A glorious little spat is developing between James Murdoch and sundry vassals of the BBC empire, faithfully recorded by The Guardian.
This follows a speech by the son and heir to the Murdoch empire on Saturday evening at the Edinburgh festival, when he launched a "scathing attack" on the BBC, describing the corporation's size and ambitions as "chilling" and accusing it of mounting a "land grab" in a beleaguered media market.
"The corporation is incapable of distinguishing between what is good for it, and what is good for the country," claimed Murdoch junior. "Funded by a hypothecated tax, the BBC feels empowered to offer something for everyone, even in areas well served by the market. The scope of its activities and ambitions is chilling."
Murdoch added that the BBC's news operation was "throttling" the market, preventing its competitors from launching or expanding their own services, particularly online.
"Dumping free, state-sponsored news on the market makes it incredibly difficult for journalism to flourish on the internet. Yet it is essential for the future of independent journalism that a fair price can be charged for news to people who value it," he said, then adding: "We seem to have decided to let independence and plurality wither. To let the BBC throttle the news market, and get bigger to compensate."
Needless to say, the great monolith was not impressed. BBC Trust chairman, Sir Michael Lyons, immediately countered with a broadside of soothing platitudes, declaring that: "British broadcasting is admired around the world". Speaking from a well-honed corporate crib-sheet, long ago committed to memory, he then extruded yardage of verbal material of a width (if not quality) that only a time-served BBC executive could produce.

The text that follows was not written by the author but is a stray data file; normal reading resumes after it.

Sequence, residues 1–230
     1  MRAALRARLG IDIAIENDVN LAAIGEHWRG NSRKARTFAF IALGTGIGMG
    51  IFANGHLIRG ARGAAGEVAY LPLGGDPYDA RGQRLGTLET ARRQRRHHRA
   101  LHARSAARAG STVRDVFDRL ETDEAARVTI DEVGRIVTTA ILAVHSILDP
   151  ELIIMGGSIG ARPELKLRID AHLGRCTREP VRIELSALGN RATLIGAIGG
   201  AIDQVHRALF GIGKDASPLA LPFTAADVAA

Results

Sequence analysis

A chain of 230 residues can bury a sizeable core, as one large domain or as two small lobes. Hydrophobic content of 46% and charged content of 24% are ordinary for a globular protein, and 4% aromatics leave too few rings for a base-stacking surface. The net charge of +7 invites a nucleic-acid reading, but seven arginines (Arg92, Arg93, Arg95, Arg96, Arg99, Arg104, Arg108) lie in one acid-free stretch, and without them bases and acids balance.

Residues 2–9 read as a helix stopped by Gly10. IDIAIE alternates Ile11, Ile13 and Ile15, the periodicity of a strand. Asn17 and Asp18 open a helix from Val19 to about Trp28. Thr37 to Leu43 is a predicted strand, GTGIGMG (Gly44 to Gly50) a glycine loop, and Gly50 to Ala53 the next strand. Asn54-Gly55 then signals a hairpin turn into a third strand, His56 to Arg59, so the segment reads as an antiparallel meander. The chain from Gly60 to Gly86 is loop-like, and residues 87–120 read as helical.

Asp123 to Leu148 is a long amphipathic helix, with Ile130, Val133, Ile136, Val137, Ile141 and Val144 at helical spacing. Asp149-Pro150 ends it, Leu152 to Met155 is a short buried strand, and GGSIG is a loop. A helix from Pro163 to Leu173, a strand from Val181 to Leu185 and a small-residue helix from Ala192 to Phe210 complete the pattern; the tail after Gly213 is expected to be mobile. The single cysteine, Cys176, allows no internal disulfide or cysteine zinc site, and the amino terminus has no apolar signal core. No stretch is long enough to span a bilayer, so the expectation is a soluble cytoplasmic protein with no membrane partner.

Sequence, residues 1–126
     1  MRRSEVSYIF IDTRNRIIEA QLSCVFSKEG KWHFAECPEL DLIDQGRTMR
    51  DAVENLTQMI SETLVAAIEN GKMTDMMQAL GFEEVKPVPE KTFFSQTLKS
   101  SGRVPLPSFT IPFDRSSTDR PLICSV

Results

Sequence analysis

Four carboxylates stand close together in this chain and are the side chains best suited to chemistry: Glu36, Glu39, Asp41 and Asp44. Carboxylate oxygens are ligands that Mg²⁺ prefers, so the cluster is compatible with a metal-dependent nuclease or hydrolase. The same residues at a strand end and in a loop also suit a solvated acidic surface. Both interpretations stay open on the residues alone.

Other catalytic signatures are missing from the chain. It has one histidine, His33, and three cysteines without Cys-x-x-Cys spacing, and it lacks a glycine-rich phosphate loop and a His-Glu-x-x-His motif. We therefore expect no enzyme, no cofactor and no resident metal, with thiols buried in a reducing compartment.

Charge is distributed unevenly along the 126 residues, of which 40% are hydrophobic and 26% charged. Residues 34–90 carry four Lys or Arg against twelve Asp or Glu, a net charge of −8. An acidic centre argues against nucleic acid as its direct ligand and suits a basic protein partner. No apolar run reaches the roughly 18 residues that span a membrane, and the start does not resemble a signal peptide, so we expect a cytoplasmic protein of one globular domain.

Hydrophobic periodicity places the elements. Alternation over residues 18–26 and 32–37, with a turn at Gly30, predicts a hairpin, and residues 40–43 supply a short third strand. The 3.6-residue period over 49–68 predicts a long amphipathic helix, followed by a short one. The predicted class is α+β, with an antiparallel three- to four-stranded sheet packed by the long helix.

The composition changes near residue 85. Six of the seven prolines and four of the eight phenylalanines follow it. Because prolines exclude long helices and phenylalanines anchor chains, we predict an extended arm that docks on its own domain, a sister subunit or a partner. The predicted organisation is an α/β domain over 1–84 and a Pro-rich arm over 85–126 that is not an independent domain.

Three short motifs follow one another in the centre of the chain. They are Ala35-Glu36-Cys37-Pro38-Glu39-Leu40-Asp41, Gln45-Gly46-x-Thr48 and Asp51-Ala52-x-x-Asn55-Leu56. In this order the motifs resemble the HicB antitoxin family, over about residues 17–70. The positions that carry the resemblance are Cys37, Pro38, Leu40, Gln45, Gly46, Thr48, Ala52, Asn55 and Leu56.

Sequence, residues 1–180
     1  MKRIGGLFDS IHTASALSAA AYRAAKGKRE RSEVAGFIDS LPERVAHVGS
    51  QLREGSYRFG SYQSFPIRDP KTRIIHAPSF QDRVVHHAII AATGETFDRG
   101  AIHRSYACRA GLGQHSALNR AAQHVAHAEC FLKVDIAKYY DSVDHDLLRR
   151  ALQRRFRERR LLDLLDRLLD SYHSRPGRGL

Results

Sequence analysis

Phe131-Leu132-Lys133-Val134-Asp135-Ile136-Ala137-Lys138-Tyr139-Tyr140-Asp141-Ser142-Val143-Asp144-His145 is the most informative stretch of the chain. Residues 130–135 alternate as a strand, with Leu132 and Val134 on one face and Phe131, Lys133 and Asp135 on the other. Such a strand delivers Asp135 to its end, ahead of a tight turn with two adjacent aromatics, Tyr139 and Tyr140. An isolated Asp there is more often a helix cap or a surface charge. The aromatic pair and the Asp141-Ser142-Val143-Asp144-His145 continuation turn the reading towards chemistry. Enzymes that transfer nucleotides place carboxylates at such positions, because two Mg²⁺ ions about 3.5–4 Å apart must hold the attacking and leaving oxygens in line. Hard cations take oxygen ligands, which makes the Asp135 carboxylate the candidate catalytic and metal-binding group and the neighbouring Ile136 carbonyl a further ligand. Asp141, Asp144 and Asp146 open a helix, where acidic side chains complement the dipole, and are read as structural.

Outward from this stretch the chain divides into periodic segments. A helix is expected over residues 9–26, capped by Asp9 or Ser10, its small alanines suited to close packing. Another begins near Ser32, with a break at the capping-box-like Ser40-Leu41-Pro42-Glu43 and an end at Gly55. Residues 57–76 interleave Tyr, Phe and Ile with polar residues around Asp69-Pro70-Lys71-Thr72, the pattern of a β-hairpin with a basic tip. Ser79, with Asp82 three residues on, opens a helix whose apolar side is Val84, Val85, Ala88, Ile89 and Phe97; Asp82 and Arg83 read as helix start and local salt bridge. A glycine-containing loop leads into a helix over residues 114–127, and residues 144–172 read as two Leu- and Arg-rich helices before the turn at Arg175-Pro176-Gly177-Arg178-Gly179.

"Its diversity of broadcasters and their variety of funding methods is a strength and not a weakness," he trilled. "The public tell us that they ... trust the BBC and value the wide range of services we provide. The BBC Trust ... is here to strengthen the BBC for the benefit of licence fee payers, not to emasculate it on behalf of commercial interests."
Not having a dog in this fight – regarding the BBC and Murdoch output equally detestable – it is at least entertaining to see the corporates slugging it out over the same bone. With his dad hankering after charging for online content, Junior knows full well that the moment he tries it, users will migrate to the "free" Beeb and other free content providers, leaving his websites sucking thin air.
However, the Murdochs (both dad and junior) have a point. As long as there is a BBC imbibing at the tit of public finance, jailing people for not paying a tax on owning a television, it is going to be very hard to develop a paying model for online journalism. But, if the alternative is a Murdoch-dominated media, some might say that the Beeb is worth having, even if its only role is to spike News Corp's guns.
The public could, of course, be the deciding factor, if it so wished, simply by ignoring the BBC's increasingly dire output – as we tend to do. But then there are so many people who do genuinely believe the BBC is "wonderful" that it ain't going to happen in a hurry. We will just have to be content with seeing the Murdochs stuffed and take what little enjoyment we can out of the battle of the corporates.